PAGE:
Great Salt Lake legislative update: Jan. 18, 2024

Jan 19, 2024 | GSL Project

By Beth Parker and Brig Daniels and Great Salt Lake Policy Accelerator students

Great Salt Lake with mountains in the backgroundThe Great Salt Lake Project: Great Salt Lake Policy Accelerator
University of Utah S.J. Quinney College of Law

The University of Utah’s S.J. Quinney College of Law launched its Great Salt Lake Project on the heels of its 2023 annual symposium, which focused on the future of the Great Salt Lake. The core purpose of the Great Salt Lake Project is to provide practical, actionable, and legally sound advice for policymakers who are working to save the Great Salt Lake and to provide this information to the public. A key focus of the Great Salt Lake Project is the Great Salt Lake Policy Accelerator, which encourages policymakers to prioritize and accelerate law and policy to effectuate the meaningful change the lake so desperately needs. This short legislative and policy update, authored by members of the Policy Accelerator,* will be provided on a weekly basis during the Utah legislative session. Sign up to receive future updates in your email inbox.

Commissioner Steed’s Great Salt Lake strategic plan

During the initial week of the legislative session, the most significant news relating to the Great Salt Lake did not originate from the legislature, but instead came from Brian Steed, Great Salt Lake Commissioner. Commissioner Steed’s report to the legislature, entitled The Great Salt Lake Strategic Plan, was made public on Wednesday, Jan. 17, 2024. Commissioner Steed’s strategic plan lays out a hopeful vision of strategies the state can implement to save and sustain the Great Salt Lake.

An important development stemming from the commissioner’s strategic plan is that through it the state has set “a target range for the lake between 4,198-4,205 feet.” This target is a substantial step forward for the state, one that been recommended by the Great Salt Lake strike team’s first report to the legislature in 2023 and a step that the legislature opted not to take last session.

The commissioner’s strategic plan outlines a shortterm plan that will require cooperation between state, federal, and local stakeholders. The strategic plan provides a roadmap for a “way forward” for the lake, including short-term, medium-term, and long-term actions. In the strategic plan, Commissioner Steed outlines four overarching areas where legislative output will be most helpful. These objectives are intended to be the focus throughout the first year of the strategic plan.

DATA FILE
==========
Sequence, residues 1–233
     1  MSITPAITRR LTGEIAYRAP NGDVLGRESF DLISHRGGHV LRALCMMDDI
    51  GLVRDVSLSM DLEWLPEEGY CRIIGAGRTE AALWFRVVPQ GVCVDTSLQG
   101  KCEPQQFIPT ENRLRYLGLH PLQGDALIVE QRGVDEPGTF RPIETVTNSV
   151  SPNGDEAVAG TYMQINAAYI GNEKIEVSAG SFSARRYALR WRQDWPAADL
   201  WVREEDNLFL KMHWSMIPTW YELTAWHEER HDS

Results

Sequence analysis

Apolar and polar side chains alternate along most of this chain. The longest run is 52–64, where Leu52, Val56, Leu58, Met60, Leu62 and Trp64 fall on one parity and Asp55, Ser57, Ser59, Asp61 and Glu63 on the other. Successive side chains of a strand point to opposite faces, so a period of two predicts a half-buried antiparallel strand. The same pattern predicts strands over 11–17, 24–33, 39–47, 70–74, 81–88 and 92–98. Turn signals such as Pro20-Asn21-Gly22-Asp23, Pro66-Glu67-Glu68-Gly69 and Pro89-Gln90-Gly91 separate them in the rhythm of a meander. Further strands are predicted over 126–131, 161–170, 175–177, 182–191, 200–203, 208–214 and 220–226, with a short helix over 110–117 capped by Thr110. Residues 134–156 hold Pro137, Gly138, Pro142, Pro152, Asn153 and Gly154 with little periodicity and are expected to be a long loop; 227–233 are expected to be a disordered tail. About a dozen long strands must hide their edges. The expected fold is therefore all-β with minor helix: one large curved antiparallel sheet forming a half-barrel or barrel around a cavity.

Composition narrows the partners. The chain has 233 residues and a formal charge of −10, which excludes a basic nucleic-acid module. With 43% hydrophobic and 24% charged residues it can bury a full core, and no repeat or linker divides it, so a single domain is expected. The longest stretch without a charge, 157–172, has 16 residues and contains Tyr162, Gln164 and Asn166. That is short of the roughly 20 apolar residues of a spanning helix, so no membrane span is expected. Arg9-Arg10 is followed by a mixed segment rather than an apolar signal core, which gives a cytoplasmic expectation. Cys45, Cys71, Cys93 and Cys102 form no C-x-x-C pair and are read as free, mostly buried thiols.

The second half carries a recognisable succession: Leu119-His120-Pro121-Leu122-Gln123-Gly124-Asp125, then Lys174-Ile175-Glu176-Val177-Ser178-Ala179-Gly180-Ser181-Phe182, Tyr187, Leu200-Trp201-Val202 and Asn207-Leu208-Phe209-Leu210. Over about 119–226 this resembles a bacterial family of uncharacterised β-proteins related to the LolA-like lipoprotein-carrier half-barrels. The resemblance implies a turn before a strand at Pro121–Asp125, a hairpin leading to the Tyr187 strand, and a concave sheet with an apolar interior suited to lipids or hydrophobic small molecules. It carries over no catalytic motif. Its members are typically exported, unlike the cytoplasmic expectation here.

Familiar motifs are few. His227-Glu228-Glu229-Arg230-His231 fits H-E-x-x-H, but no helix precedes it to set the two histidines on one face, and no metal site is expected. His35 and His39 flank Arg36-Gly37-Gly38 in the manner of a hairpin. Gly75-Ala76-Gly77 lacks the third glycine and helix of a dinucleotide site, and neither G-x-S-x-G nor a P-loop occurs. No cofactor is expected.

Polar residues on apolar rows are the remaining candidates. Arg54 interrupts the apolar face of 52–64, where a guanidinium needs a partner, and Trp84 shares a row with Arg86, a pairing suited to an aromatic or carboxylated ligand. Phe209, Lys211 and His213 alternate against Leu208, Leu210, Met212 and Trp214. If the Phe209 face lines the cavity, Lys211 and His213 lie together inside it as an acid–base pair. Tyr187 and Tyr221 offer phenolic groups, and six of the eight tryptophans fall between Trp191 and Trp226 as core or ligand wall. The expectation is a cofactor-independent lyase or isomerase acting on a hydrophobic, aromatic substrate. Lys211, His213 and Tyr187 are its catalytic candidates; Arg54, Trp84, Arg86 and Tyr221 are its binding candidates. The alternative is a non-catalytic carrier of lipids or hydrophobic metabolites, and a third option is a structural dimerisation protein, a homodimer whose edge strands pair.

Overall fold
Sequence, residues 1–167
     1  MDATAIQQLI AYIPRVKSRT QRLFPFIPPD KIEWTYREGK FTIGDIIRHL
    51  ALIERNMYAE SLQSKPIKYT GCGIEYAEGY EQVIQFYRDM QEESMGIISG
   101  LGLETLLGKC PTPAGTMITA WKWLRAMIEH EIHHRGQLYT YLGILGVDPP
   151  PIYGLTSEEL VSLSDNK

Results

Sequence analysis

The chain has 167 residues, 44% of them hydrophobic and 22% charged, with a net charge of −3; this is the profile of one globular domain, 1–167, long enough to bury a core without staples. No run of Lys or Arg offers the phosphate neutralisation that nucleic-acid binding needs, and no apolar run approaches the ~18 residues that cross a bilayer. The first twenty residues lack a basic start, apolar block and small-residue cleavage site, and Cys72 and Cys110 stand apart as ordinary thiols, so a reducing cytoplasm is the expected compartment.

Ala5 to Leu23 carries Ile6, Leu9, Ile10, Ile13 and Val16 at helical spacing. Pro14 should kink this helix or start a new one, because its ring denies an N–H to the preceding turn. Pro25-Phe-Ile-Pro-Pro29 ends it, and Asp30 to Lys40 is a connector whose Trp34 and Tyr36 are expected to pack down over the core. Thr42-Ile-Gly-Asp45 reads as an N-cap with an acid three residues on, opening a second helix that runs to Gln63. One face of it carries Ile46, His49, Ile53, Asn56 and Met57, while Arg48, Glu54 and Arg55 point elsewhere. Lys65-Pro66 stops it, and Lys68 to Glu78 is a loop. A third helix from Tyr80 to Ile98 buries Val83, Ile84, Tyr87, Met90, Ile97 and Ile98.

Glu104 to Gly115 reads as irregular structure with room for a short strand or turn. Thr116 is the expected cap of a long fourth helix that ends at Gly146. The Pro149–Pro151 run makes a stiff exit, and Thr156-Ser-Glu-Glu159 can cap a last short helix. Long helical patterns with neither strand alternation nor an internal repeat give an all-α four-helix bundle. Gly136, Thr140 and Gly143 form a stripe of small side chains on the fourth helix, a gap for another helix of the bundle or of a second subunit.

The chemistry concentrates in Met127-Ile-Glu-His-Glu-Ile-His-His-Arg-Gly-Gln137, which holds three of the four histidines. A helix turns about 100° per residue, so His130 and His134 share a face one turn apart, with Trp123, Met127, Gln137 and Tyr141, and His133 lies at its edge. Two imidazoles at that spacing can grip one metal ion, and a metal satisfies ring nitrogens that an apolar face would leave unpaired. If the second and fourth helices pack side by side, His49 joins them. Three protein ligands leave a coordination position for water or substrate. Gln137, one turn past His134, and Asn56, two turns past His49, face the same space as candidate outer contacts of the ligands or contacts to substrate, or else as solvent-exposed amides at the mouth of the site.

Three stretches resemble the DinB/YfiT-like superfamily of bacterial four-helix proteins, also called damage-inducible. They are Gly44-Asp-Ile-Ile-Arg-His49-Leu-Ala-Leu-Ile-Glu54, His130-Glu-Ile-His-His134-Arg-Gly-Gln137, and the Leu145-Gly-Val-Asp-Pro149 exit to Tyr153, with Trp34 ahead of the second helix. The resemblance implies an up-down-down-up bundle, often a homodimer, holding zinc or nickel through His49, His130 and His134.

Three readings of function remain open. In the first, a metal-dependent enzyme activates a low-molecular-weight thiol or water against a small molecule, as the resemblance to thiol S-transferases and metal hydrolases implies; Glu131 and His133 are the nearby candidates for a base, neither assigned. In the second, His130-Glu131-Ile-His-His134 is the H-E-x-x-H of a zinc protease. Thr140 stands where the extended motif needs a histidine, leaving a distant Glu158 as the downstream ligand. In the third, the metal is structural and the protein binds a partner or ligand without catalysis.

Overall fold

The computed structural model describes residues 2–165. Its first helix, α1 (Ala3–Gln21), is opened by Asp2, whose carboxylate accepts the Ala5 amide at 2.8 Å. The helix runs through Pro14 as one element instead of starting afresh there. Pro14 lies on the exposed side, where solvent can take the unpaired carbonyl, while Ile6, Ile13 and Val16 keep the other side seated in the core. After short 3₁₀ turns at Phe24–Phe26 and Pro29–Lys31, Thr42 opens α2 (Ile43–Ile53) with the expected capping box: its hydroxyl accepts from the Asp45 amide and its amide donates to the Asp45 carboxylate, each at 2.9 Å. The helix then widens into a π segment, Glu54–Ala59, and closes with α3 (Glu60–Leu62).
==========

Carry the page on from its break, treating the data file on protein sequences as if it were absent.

Looking immediately ahead at what is most relevant to the upcoming legislative session, the Strategic Plan emphasizes the following short-term actions needed within the next year. While the commissioner also details important medium- and long-term strategies, these are not the central focus of what the commissioner believes is required for this legislative session. Below, we highlight key short-term actions from the commissioner’s strategic plan that depend on legislative cooperation:

  1. Better coordinating efforts on the lake: This strategy includes cooperation among all levels of government. Key for the upcoming legislative session, it also includes working with the legislature to pass legislation relating to agricultural optimization and increased water shepherding, meaning the ability of the state to track water saved for conservation to ensure that water is directed to the Great Salt Lake.
  2. Ensuring that we have the best available science and data to govern future strategies and actions: This strategy includes the development of better methodology for estimating water use and data processing. Important for the legislative session, the report suggests the legislature should explore increasing funding to monitor brine shrimp, brine flies, and birds. The commissioner also directs the state to continue working on the Great Salt Lake Basin Integrated Plan.